Voyokazi Dyani wants her son to go to Paul Roos Gymnasium, a publicly funded secondary school close to where she lives in Stellenbosch. Her son is above average academically and is passionate about sport, particularly rugby; the school is named for the captain of the first South African rugby team to tour overseas, back in 1906.
But Paul Roos Gymnasium has turned down the application because the school is “full”. Ms Dyani’s appeals have been rejected by the school and by the Province’s MEC for Education. She has now taken the case to the Equality Court.
The South African Constitution is clear about the right to education. Clause 29 of the Bill of Rights says that
Everyone has the right to a basic education, including adult basic education; and to further education, which the state, through reasonable measures, must make progressively available and accessible.
This is reinforced by the Western Cape Provincial School Education Act: “every learner shall be entitled to ordinary education at his or her nearest ordinary public school , insofar as it is reasonably practicable.”
But here’s the rub. The Dyanis live in Kayamandi, the crowded black township close to the centre of Stellenbosch that was established half a century ago for low paid workers in the town. Their nearest high school is in Kayamandi and it is alleged that the school told Voyokazi Dyani that this is where her son “belongs”.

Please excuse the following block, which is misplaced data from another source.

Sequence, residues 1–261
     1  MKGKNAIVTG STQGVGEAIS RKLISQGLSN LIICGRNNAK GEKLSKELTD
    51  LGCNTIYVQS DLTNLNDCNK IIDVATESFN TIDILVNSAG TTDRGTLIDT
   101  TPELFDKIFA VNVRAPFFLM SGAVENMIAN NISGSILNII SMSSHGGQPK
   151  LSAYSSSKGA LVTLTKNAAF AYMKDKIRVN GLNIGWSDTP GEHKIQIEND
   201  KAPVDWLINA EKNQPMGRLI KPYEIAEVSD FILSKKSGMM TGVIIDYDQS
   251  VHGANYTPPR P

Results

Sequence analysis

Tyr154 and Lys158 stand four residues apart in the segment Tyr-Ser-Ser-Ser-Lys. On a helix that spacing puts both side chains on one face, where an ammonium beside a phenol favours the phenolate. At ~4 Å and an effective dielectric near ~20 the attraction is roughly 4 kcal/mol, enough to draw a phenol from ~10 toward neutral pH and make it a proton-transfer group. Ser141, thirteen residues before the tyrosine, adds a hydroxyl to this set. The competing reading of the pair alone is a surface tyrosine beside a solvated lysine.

An added twist is that, in addition to being an aspirant rugby player, Ms Dyani’s son attended Rhenish Primary School. Rhenish is as venerable as Paul Roos Gymnasium and, while still in Stellenbosch, is actually a little further from Kayamandi than Paul Roos. While, of course, the principles of the Constitution apply whatever the prior school attended, or sporting preferences, these particular circumstances have combined to set up a high profile test of basic rights in the face of apparent unfair discrimination.
Voyokazi Dyani, herself a teacher, is persistent and determined. She has been waiting for an undue time for a ruling from the South African Human Rights Commission and it seems likely that this case will go through the courts.
It seems to me that a key issue is this:
If the rule that a person has a right to attend the school that is physically nearest to them is used by schools like Paul Roos Gymnasium to exclude applicants from the townships, where residents were previously denied basic rights in terms of apartheid legislation, then how can the far more important principle of the progressive achievement of equity and equality of opportunity in education, as set out in the Constitution, ever be achieved?
In the meanwhile, all strength to Voyokazi Dyani. And how strange that a school named for South Africa’s first foray into international rugby should deny admission to a black player with talent just as the country seeks glory in the World Cup.
Independent online, 27 January 2015. “School accused of rejecting black pupil”: http://beta.iol.co.za/news/south-africa/western-cape/school-accused-of-rejecting-black-pupil-1809606
Independent online, 10 October 2015. “Stellenbosch admission case on hold”. http://beta.iol.co.za/weekend-argus/stellenbosch-admission-case-on-hold-1927825